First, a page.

Fishermans Lodge by Gengoroh Tagame | Bruno Gmunder

Fishermans Lodge by Gengoroh Tagame | Bruno Gmunder

Gunji and Endless Game are the two other books that Bruno Gmunder has released of Tagame’s work.

His latest manga, currently being serialized in Monthly Action magazine, is My Brother’s Husband (Ototo no Otto). The first volume of this work is being released later this month in Japanese, and it’s remarkable because it’s the first manga that he has made for a mainstream manga magazine, not for a gay audience necessarily, but for a general audience. It started in November 2014 and has been a huge success. (NOTE: In less than a month after its release, Ototo no Otto Vol. 1 had its 4th printing)

These are some images from various moments in the story. It’s about a straight man whose twin brother had moved to Canada and gotten married to a man. His brother passes away, so his brother’s husband comes to Japan and visits him and the young daughter that he’s raising. It explores issues of identity in really interesting ways and just what it means to be gay in Japanese society.

This character, Mike, the Canadian husband, he comes to visit and there’s a bit of cultural exchange — he shows the Japanese family traditional Canadian cuisine. He makes them a Kraft Dinner. (audience laughs). So there’s some really light-hearted…

My Brother's Husband (Ototo no Otto) by Gengoroh Tagame

From My Brother’s Husband (Ototo no Otto) by Gengoroh Tagame

Is that a First Nations dish or…?

It’s the national dish of Canada I hear. And…

…is the Canadian a ginger?

That’s a good question!

Not ginger but brown, I think.

The young daughter who’s very plucky and resilient, she takes a liking to this Canadian man and it’s just a really sweet story.

But, you know, not everything can be sweet so… (audience laughs as Cretian Cow comes on screen)

Our latest translation, this is a piece that MASSIVE published– it was supposed to be here for TCAF but there was a bit of a shipping snafu so, we’re taking preorders– it’s called Cretian Cow. It’s a story based on Greek mythology, the story of Theseus and the Minotaur.

Cretian Cow by Gengoroh Tagame | Massive

Cretian Cow by Gengoroh Tagame | Massive

The Minotaur’s also Canadian. (audience laughs)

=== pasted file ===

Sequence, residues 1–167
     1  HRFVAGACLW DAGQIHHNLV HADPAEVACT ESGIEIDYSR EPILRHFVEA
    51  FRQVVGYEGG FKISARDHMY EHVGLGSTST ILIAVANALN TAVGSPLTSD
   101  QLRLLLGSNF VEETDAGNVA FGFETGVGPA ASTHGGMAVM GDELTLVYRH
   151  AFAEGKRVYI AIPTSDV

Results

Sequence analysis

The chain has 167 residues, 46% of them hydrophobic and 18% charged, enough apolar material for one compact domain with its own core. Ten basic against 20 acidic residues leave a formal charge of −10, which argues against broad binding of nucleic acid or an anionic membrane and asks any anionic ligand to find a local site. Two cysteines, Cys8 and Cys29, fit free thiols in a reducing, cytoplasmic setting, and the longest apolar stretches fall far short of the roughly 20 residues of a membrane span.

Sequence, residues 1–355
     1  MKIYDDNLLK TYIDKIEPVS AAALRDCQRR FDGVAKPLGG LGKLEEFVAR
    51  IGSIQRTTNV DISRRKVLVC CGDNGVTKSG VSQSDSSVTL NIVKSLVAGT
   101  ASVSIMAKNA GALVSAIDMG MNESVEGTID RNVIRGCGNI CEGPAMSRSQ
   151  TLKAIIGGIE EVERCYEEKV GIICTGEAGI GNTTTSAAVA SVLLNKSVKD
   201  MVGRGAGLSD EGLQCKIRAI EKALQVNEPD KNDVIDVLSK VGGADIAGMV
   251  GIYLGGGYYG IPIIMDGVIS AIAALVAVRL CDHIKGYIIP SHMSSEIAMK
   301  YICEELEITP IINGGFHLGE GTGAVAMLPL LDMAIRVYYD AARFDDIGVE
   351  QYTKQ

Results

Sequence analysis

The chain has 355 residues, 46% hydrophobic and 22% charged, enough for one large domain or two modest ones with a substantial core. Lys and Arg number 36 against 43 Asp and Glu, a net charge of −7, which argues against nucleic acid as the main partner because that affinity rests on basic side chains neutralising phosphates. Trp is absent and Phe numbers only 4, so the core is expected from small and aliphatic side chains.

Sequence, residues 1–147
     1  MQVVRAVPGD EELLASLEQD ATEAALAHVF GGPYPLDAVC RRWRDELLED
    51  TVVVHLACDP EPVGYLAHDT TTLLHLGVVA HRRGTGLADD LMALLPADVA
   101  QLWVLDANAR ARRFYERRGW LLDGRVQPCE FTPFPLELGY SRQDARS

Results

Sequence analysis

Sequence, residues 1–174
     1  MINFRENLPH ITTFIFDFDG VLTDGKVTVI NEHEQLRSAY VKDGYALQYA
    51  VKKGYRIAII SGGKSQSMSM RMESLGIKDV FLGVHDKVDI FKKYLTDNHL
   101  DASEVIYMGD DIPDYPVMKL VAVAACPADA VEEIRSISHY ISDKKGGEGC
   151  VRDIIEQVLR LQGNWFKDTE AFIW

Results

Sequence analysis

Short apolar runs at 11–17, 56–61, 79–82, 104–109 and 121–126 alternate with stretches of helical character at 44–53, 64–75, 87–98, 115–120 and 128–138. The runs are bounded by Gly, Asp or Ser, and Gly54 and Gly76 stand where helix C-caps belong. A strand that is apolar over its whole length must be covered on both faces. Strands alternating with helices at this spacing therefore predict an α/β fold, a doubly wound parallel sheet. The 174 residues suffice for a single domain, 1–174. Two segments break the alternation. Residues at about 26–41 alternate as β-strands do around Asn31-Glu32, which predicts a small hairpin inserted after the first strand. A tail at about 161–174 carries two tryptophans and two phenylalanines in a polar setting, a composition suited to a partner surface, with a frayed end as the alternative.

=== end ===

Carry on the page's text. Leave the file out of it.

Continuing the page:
And maybe ginger!

Also ginger.

So unlike what you may remember from your studies into antiquity, the Minotaur takes Theseus hostage and sort of sexually enslaves him. I won’t spoil too much but it’s a great, surprising story, every page has a surprise on it. It includes male impregnation, so that’s always fun! (audience laughs)

In addition to the publishing, MASSIVE has also been engaged in making clothes, and we’ve done a few different t-shirts with Gengoroh Tagame. You can find them at our booth at TCAF and also at the TCAF shop– they carry a number of Massive products and some rare Gengoroh Tagame prints from the first time he was at TCAF two years ago.

Massive Jiraiya Tank Top | © 2015 MASSIVE - Gay Manga Goods

Massive Jiraiya Tank Top

The next thing we’re doing is this series of tank tops designed by Gengoroh Tagame, Jiraiya (who just came out for a U.S. tour last month), and Seizo Ebisubashi, all playing on the theme of “Massive.” They each drew original illustrations interpreting that word.

Anyway, that’s all just a fragment of Gengoroh Tagame’s esteemed history and his oeuvre but just wanted to show you some of the things that he’s been up to lately.

Maybe we’ll have Leyla talk now…

Why don’t we keep going on the Tagame train?

Okay, all right…

Hello everybody, I’m Gengoroh Tagame and almost everything about me has already been told, so there is nothing to say now… (audience laughs)

There goes the train.

Okay. The train is now… so just to reiterate what Anne said, the reason why I’m sitting here — which I was questioning on the way over, I’m like, “Why am I on this panel?” but…

You’re questioning?

I’m questioning. But the reason I’m on this panel is, one of the imprints that VIZ Media has is called SuBLime, which is dedicated towards boys’ love and yaoi manga publishing. Does anybody here not know what that is? (no hands are raised in audience) Okay, you’re good. Just checking.

Embracing Love Vol. 1 & 2 by Youka Nitta | SuBLime Manga © Youka Nitta

Embracing Love Vol. 1 & 2 by Youka Nitta | SuBLime Manga

That got off the ground almost like three, four years ago? It came out because years ago, when the first manga boom was happening in the United States, the first few boys’ love books came over, I think from Central Park Media. That was Embracing Love by Nitta Youka, and all those sorts of things. (NOTE: Embracing Love is now available from SuBLime Manga)

Tokyopop then launched their own imprint (BLU Manga). There were a bunch of smaller fan imprints like Drama Queen that also started, and a couple of other publishers were dabbling in it. The manga bust followed up the manga boom, and almost all of those entities went out of business.

So a couple years later, Libre, who is the largest publisher of boys’ love (manga) in Japan, approached us and said ‘Hey, would you guys be interested in working together to bring this material back to English speaking audiences?’ And we said sure. So that’s how it started.

Right now, we have… I’m not exactly sure about our total number of volumes is, but if you go into, most of what we publish is available in digital form. We also made it DRM-free, and downloadable, since that seemed to be very important to this audience. And then we have the print component as well.



The reason why I was asking myself on the way over here why am I on this panel is because of the problematic relationship between boys’ love and gay manga.